Federal regulators may instead push for a bivalent vaccine that would target BA.4 and BA.5, two subvariants of Omicron. They now account for more than one-third of the infections in the United States, and might be more akin to whatever incarnation of the virus is circulating in the fall.
But a bivalent that targets those subvariants would also be problematic. Neither Pfizer nor Moderna has concentrated on developing one, and no one knows for sure how well it would work. At this late point in the year, using human trials to such a vaccine, followed by the two months that would be required to manufacture doses, could push the release of any new vaccine well into the next wave of the virus.
That suggests that officials would have to base their judgments largely on animal trials and laboratory tests.
Dr. Kelly L. Moore, president of Immunize.org, a nonprofit group that works to increase immunization rates, said that such an accelerated process is already used to update the flu vaccine each year.
While this is the nation’s first stab at the next generation of Covid vaccines, she said, the existing ones have been safely given to hundreds of millions of people. Updating them might call for “very well-educated guesswork,” she said, but such deductions are “appropriate for the circumstances.”
If the government ends up going for a booster shot that targets BA.4 and BA.5, it will still be in a race to produce the doses by fall, even with accelerated testing. Pfizer may be able to meet an October deadline, according to two people familiar with the company’s operations.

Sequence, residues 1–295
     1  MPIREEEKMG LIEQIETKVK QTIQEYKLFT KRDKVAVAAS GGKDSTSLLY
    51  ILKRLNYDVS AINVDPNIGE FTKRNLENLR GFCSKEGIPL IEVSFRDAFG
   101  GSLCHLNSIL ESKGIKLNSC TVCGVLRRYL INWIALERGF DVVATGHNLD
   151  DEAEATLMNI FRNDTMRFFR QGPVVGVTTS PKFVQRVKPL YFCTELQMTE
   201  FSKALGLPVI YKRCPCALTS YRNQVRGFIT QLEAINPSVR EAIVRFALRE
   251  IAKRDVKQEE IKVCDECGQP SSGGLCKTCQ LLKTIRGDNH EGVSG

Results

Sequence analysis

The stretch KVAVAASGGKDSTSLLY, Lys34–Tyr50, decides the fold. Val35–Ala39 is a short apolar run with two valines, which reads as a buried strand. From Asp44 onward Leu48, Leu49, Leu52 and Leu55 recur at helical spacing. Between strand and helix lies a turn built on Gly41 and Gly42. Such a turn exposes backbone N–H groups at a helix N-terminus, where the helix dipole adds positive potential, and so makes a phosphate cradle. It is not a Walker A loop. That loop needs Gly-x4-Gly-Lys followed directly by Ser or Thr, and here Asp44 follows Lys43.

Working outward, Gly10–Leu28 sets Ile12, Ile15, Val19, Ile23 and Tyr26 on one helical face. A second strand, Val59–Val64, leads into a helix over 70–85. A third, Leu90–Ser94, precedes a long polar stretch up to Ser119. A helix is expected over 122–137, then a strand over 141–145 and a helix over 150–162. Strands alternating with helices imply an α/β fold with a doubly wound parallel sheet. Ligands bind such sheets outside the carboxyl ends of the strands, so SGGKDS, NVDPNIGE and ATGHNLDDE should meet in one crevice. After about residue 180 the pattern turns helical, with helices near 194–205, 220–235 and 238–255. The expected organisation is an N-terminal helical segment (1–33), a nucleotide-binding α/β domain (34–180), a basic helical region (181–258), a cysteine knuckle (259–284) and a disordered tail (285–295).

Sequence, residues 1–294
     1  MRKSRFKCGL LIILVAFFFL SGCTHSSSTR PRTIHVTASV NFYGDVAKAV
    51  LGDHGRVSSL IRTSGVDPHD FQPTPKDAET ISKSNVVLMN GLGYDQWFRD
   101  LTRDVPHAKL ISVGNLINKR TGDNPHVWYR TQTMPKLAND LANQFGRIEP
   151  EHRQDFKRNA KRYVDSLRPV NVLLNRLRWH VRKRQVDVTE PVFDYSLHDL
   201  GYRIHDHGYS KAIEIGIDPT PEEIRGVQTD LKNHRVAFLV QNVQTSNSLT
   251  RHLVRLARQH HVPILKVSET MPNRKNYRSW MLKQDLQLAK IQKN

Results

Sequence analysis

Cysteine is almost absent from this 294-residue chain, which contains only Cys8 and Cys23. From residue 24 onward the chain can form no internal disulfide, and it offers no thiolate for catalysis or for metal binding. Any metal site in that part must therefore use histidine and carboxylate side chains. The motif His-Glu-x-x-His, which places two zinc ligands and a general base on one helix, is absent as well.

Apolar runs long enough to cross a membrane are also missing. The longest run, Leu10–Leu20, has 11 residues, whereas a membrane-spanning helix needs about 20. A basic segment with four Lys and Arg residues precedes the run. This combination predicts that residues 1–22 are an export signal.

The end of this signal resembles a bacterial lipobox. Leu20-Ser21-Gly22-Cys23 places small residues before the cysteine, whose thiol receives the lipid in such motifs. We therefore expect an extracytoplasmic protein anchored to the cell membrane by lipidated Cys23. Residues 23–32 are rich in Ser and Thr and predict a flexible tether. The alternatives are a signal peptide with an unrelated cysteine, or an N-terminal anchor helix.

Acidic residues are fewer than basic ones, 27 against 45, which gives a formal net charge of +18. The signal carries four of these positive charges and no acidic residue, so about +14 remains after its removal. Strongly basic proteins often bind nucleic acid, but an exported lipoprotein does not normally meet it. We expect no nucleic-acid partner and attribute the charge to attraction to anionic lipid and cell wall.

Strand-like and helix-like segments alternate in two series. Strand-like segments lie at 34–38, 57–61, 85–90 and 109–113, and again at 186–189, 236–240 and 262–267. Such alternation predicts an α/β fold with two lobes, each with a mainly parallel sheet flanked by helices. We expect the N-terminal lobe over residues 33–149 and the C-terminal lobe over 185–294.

But Dr. Paul Burton, Moderna’s medical director, said in an interview last week that it’s unlikely that the company could deliver doses until very late this year, or even early next year. “I don’t think we would be in a position to be prepared to support the fall booster campaign,” he said.
There is also the chance that the virus will evolve yet again and render the updated vaccine ineffective.
“Do we target BA.4 and 5? They will probably peak somewhere in the next month or two,” said Dr. John Beigel, a clinical research director at the National Institutes of Health who has conducted multiple coronavirus vaccine studies. “They may be old news by the time the fall comes.”
Dr. Beigel said one option is to simply stick with the existing vaccines, which continue to provide robust protection against severe disease, but very little against infection.
The Centers for Disease Control and Prevention has estimated that as of February, 60 percent of Americans had already been infected with the virus, providing them with at least some temporary immunity. While breakthrough infections among vaccinated individuals are now common, many of the cases are mild.